103. I just can’t bring myself to watch Changeling or Wanted because looking at Angelina Jolie’s already-dead face is like looking at [2:19 PM July 27th]

104. Damien Hirst’s diamond encrusted skull. [2:20 PM July 27th]

And:

141. I think what happened to Christian Bale happened to Mel Gibson. Both actors lost their talent (and their sanity) when they turned into [2:03 PM Aug 18th]

142. “Americans.” [2:04 PM Aug 18th]

Writing and the Body by Gabriel Josipovici

I quickly reach the limits of language trying to summarise how Gabriel Josipovici’s literary criticism resonates within me. The fourth, and final, chapter in Writing and the Body uses a few of Kafka’s deathbed notes to express some profound truths about why we read and write. (Or maybe just why I read and write.)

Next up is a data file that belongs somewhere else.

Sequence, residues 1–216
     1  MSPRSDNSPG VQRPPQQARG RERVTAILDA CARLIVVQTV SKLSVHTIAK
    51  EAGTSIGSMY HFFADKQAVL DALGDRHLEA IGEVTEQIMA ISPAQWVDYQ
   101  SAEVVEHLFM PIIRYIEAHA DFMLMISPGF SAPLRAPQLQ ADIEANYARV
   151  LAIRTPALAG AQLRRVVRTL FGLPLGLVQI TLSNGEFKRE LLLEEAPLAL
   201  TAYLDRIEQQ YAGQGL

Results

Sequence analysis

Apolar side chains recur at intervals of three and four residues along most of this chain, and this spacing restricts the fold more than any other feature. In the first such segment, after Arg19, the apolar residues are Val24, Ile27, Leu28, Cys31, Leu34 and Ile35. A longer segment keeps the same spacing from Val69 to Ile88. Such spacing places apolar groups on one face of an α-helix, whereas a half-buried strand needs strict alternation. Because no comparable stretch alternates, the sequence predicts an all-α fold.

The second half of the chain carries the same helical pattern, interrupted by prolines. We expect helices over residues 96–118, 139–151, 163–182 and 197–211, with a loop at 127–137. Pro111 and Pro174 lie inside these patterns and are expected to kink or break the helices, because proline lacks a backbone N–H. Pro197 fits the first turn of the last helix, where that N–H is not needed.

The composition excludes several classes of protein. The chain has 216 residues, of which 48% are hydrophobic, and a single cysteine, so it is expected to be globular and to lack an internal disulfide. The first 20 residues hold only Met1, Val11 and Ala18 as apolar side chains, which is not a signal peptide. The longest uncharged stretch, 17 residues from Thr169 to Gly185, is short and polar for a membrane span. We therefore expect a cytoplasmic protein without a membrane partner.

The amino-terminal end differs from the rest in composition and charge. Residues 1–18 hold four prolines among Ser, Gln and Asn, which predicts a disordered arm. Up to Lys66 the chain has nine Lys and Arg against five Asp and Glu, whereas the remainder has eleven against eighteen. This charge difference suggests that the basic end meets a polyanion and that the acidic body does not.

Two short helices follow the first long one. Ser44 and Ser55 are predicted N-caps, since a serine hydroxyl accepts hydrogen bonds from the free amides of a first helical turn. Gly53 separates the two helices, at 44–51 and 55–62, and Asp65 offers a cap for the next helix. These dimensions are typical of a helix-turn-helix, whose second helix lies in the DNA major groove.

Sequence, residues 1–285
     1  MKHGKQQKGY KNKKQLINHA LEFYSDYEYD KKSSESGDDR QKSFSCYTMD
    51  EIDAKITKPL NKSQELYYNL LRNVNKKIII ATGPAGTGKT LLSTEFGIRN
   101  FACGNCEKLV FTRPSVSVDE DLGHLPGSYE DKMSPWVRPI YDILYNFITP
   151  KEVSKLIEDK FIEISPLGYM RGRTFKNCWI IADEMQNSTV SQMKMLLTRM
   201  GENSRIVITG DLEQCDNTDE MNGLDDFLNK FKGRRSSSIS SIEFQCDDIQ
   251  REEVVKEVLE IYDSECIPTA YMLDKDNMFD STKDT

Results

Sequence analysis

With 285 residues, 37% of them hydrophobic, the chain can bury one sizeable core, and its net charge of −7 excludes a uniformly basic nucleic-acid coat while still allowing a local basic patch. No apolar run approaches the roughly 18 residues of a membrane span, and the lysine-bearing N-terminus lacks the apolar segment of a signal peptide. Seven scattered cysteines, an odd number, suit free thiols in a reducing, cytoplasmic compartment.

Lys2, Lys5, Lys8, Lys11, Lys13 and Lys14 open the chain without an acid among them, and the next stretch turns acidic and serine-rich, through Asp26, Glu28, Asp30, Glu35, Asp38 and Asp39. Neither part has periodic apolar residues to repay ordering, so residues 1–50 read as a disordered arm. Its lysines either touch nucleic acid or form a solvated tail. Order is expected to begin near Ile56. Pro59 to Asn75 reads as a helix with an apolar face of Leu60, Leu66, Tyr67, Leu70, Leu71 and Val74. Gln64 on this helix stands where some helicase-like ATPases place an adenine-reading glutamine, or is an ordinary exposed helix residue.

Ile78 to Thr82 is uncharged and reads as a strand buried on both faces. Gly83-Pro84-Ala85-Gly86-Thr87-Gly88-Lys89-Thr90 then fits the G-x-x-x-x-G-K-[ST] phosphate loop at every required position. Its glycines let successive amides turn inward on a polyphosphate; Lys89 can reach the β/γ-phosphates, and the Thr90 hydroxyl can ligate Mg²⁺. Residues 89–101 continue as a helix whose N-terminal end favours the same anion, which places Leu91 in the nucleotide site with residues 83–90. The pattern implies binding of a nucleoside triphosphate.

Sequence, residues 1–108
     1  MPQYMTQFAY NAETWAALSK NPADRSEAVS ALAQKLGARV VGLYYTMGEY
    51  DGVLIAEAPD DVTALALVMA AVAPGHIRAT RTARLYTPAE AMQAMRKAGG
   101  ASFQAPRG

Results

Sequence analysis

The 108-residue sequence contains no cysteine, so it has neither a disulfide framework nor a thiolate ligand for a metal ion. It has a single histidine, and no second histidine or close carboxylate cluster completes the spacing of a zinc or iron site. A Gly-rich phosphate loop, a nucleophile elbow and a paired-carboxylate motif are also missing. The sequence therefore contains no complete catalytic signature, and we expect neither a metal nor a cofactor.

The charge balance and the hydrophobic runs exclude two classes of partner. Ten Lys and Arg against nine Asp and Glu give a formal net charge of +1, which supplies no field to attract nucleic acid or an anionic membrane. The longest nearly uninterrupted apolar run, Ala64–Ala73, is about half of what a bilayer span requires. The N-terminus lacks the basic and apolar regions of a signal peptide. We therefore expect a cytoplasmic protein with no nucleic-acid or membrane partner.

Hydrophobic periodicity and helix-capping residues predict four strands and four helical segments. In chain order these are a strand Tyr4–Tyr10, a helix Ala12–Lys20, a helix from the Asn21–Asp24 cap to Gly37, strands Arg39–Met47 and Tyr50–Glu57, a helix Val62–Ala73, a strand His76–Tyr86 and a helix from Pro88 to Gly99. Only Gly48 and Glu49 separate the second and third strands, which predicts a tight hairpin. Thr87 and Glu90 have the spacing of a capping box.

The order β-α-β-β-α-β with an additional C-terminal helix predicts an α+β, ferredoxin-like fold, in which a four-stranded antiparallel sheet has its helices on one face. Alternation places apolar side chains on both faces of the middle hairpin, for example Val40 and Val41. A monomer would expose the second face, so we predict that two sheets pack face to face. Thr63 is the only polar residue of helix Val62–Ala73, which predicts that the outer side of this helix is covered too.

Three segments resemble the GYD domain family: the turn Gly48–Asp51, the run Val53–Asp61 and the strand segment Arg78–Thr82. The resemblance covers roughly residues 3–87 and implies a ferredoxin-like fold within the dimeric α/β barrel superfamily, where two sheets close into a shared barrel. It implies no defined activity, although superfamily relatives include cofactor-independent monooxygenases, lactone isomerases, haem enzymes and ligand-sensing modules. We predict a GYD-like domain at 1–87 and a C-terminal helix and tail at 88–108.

Each of us hears his voice in Stevens’s, and this means that we hear ourselves saying what we did not know we could say, in a tone we didn’t know was ours, but which, hearing, we recognise as the actualising of what had always been latent. The same thing happens, I would suggest, when we read, at the end of the volume of Kafka’s letters: ‘A bird was in the room.’ Saying it, we are Kafka in that room, in that loneliness. And so that loneliness is something shared.

A while ago I noted Emerson’s comment of Montaigne’s Essays that: “It seemed to me as if I had written the book myself in some former life.” I feel the same way about the fourth lecture in Writing and the Body.